GSEs Seek Balance in Risk Management, Expanding Credit

MIAMI–To put it simply, lenders–and customers–are embracing innovation, particularly in risk management.

“There is a lot of focus on innovation–there should be,” said Jude Landis, vice president of credit policy and risk management with Fannie Mae, Washington, D.C., here at the recent Mortgage Bankers Association’s Risk Management, QA and Fraud Prevention Forum. “It’s really exciting and it’s up to us make sure that innovation continues.”

RMQAGSEPanelLandis said she hears frequently from lenders about how they can improve the borrowing experience for both them and customers, while ensuring proper risk management. “We’re working on two tracks for the next several years,” she said. “We’re going to see loans continue to be processed the traditional way, but we’re also going to increasingly see use of these new methods, because it’s what lenders and customers are demanding.”

Landis said Fannie Mae’s Desktop Underwriter is streamlining the mortgage process. And she noted that all DU loans are now eligible for up to 50 percent Debt-to-Income ratios by removing additional compensating factors and relying on the comprehensive DU risk assessment. “By allowing different risk components, we can provide the widest door we think is possible to allow more borrowers through,” she said.

For example, Fannie Mae allows mortgage debt being paid by another party may be excluded from the borrowers DTI with certain documentation, and by allowing cash-out refinances to pay off student loan debt. She also noted that timeshare accounts are now treated as installment loans, not mortgage debt, even if they are identified as mortgage debt on the credit report.

“We continue to focus on expanding access to credit for creditworthy borrowers, simplifying guidelines, increasing effectiveness and providing more certainty to our lender partners,” Landis said.

Stephen Spies, vice president of loan quality with Fannie Mae said the company is moving toward the digital mortgage. He said as part of its new system Loan Quality Connect, Fannie Mae will be able to engage in real-time quality control management. “We can shoot you an email and allow you to fix the problem within 15 days, without us putting the loan in jeopardy by sending you a letter,” he said.

Spies said the new system is in testing stages and should be available early next year. “It’s an interactive loan quality management system that lets you work faster and smarter,” he said. “This is a huge leap forward in technology that you will be thrilled to have.”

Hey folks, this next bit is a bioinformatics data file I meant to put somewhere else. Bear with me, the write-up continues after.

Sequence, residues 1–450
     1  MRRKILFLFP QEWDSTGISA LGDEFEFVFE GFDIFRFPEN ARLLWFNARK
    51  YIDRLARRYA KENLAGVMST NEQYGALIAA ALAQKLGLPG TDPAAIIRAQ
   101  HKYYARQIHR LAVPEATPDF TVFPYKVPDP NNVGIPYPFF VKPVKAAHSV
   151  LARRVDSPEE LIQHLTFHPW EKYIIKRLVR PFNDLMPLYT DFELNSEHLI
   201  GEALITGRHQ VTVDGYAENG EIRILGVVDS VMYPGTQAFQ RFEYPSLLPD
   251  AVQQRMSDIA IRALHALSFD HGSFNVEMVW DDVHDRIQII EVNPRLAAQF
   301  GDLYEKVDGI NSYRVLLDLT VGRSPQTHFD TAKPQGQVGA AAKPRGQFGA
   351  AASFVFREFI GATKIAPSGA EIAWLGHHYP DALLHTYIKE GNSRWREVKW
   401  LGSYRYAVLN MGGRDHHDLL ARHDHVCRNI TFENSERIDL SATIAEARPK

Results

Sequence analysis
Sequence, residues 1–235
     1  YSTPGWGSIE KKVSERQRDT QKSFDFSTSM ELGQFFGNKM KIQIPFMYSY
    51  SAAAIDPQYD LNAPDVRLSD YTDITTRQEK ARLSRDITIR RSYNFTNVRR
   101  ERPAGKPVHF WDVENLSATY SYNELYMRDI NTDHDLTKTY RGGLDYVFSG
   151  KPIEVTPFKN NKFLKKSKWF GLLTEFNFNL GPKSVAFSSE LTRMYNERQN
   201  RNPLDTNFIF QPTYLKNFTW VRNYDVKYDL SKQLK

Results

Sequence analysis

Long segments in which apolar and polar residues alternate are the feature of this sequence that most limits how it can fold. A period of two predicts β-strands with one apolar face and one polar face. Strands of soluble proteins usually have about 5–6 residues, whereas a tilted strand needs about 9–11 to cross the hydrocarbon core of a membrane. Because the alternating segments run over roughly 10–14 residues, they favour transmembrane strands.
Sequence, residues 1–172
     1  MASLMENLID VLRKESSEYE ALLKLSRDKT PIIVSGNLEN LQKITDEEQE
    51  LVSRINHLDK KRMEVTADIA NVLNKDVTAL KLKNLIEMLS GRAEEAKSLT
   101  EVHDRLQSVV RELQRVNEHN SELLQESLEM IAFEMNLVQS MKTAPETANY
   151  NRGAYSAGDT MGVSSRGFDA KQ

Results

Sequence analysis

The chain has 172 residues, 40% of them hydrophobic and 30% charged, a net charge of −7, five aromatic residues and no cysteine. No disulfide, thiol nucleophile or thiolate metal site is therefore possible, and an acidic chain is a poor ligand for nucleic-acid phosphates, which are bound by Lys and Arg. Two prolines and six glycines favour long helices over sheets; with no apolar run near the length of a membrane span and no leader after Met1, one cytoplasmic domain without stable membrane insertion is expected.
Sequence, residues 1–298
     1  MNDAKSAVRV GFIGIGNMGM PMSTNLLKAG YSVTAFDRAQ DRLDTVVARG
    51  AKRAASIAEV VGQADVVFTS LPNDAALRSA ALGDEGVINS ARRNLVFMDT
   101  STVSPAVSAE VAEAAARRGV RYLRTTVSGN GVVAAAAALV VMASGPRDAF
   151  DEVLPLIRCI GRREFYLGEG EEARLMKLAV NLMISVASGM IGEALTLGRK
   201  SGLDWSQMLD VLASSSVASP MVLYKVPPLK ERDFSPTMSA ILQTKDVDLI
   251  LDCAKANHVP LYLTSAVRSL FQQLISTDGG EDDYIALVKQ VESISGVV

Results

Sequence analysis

Pam Padgett, vice president of single-family underwriting quality control with Freddie Mac, McLean, Va., said it too, has heard from lenders to handle processes more quickly, transparently, consistently and with innovation. “We want to be part of the new way of doing the mortgage business,” she said.

Padgett said Freddie Mac is looking toward cutting costs through automation. “But with the purchase market returning, file complexity is increasing,” she said. “Underwriters do seem to be successfully underwriting these loans, but there is some origination fraud trending, although still at historically low levels. We think with the proliferation of data, we can use it to assess and better decide collateral, income and assets.”

Freddie Mac has already transitioned to a new quality control workflow system, called Quantum. “It’s resulting in greater efficiency and accuracy because we’re using fewer keystrokes while expanding our fields to capture more granular data,” Padgett said. “By having the ability to capture that data, we’re able to improve our processes and drive down the cost of our own QC.”

Padgett noted performing loan defect rates continue to hover in the low single-digits. “We manage rep and warranty risk by identifying defects early,” she said. “This facilitates development of new tools to reduce reliance on delegated underwriting.”

Padgett said the most frequent deficiency category for loans remain income/employment and eligibility. “Calculating income correctly remains our number one deficiency,” she said. “One we are looking for is ‘loss-of-income’ at the time of closing; it’s a category that is growing.”

Kurt Smith, senior director of credit policy risk analytics with Freddie Mac, said the company is continuing to expand access to credit. “It’s who we are,” he said. “An example of that is our 3-percent down product and our Duty-to-Serve initiative, which aims at lower-income customers, rural customers and manufactured housing…As we consider the evolution of the borrower of the future, we are looking at ways to focus on the future generation of borrowers. We continue to focus on removing pain points and making faster decisions”

The challenge, Smith said, is finding the right balance: “the ability to expand credit to those who need it without burdening them with debt they cannot repay,” he said. “We must have the ability to be effective in both good and bad markets. In my 35 years we loosen credit when conditions are bad and tighten it when conditions are good. We have to find a better way of doing business.”